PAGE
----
According to the details on Kabam's forum, current players just have to add "_AW" (the initials for Advisor Wheaton) at the end of their city name to enter. Merely changing your city name earns you a special "Advisor Wheaton Prize Chest" full of in-game goodies. The Advisor will be doling out clues as to the whereabouts of various artifacts via Twitter and the official Dragons of Atlantis YouTube page all week through Monday, 4/28.
You can grab Dragons of Atlantis off the App Store for free.
The Hobbit: Kingdoms of Middle-earth - The Desolations of Smaug Expansion Pack Arrives With New Maps and Bosses
A new expansion pack is now available for The Hobbit: Kingdoms of Middle-earth. The Desolations of Smaug is available for free and features new campaign maps and bosses for players to strategize against, along with new armor and weapons for them to collect and equip.
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Fast & Furious 6: The Game has launched on the App Store, giving you the ability to drift and drag your way through the streets of London. You'll be taking on a number of jobs in a heist mode as you go against an organization of mercenary drivers. Check out our Preview of the game for more info.
Ah, Canada. The land where poutine is the national dish, ham is called bacon, and they worship hockey players as gods. They also seem to get many iOS games early. Since it's a smaller country at about 10% of the population of the US, it makes a good test market. Every once in a while we like to pop in to the Canadian App Store and see what's new. This time we take a look at the upcoming movie tie-in game from Kabam, Fast & Furious 6: The Game.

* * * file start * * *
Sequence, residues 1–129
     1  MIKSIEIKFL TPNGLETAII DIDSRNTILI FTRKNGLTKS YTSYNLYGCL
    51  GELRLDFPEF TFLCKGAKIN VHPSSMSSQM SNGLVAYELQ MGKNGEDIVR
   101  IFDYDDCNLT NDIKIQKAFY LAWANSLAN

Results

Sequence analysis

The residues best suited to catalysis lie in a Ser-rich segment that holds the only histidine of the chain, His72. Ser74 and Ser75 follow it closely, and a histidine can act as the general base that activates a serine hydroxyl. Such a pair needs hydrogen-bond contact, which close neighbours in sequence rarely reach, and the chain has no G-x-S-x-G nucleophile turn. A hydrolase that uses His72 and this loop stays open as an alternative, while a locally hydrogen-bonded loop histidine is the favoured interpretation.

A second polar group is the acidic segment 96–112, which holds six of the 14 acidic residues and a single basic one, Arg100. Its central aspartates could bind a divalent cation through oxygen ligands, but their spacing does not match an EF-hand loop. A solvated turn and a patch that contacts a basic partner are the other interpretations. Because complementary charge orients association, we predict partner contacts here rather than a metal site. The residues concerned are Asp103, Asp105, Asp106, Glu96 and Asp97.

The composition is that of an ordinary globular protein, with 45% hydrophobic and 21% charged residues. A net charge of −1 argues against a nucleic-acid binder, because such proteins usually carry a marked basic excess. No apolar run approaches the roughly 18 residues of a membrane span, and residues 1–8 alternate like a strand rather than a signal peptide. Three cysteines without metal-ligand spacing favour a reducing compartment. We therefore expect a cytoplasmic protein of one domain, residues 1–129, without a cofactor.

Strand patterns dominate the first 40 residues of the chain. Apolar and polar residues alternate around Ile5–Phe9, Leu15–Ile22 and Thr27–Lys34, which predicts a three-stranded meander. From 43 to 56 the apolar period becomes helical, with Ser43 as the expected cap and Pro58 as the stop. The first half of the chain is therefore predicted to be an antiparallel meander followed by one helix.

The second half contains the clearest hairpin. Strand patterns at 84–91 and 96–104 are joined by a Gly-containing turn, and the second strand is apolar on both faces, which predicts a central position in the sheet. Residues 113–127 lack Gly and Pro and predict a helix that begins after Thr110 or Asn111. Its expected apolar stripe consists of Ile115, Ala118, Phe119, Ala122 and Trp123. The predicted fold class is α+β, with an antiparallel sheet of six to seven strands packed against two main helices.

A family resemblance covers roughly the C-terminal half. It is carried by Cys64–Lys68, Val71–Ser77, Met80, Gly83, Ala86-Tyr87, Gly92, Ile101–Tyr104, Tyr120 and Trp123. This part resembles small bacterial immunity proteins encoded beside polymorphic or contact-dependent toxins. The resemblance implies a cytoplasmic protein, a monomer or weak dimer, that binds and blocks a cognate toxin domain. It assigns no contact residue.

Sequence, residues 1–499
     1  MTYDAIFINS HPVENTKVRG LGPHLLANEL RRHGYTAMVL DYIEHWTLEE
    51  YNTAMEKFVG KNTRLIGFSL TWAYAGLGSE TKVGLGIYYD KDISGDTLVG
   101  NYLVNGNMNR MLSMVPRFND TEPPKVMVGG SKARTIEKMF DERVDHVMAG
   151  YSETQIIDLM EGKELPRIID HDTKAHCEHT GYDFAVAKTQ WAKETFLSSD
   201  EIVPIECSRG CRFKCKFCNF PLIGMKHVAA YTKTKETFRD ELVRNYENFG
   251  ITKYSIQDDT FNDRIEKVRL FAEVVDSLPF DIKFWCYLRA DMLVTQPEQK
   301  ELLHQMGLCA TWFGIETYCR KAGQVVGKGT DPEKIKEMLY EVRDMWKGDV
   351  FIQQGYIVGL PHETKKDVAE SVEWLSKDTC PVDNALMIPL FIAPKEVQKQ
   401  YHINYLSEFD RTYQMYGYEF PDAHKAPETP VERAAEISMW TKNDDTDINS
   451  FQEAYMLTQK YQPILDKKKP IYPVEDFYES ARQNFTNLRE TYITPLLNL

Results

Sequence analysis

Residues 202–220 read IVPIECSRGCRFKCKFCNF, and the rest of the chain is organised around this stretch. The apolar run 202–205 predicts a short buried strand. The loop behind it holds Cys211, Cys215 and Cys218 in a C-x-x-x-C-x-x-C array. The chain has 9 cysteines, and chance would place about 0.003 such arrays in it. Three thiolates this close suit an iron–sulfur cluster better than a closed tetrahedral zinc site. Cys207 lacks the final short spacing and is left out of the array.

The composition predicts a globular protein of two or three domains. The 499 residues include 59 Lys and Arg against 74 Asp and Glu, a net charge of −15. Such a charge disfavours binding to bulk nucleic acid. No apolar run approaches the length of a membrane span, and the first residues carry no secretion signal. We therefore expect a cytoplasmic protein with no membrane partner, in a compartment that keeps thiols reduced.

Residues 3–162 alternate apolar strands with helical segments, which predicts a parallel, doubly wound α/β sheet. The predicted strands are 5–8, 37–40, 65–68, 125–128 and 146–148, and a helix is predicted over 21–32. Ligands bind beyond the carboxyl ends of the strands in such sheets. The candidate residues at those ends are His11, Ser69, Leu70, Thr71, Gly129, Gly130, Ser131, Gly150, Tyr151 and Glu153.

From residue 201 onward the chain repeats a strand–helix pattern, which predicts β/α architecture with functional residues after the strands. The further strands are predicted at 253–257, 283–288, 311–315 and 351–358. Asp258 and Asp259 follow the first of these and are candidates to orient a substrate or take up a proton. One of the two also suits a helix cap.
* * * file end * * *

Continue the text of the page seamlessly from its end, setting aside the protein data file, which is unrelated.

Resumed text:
Fast & Furious 6: The Game seems to loosely follow the movie. If familiar with CSR Racing, this game will seem familiar. It's a reaction time game in which players hit buttons to shift the car, hit a button to drift, and hit nitro at just the right time for maximum speed.
FF6 adds a bunch of other race types as well, where CSR racing only has the single drag race type. There's also the usual upgrade system that can be used to increase the performance of a car or change the look. All of that, of course, requires earning in-app currency or purchases.
FF6 also relies on the weak crutch of lazy game design, an energy system. Sounds harsh, but it's a concept that has become an indication of a game more focused on pushing players to pay than it is on pushing entertainment. A player can only race so much without putting the game down and waiting for the energy system to recharge. Of course, a player can also spend money to recharge quickly, so there's that.
It should be noted that this game and all of the games that we feature in this series should be considered pre-release. They are not final, and are in Canada for a reason: to test and balance the gameplay. We will never review an app based on a testing launch such as this.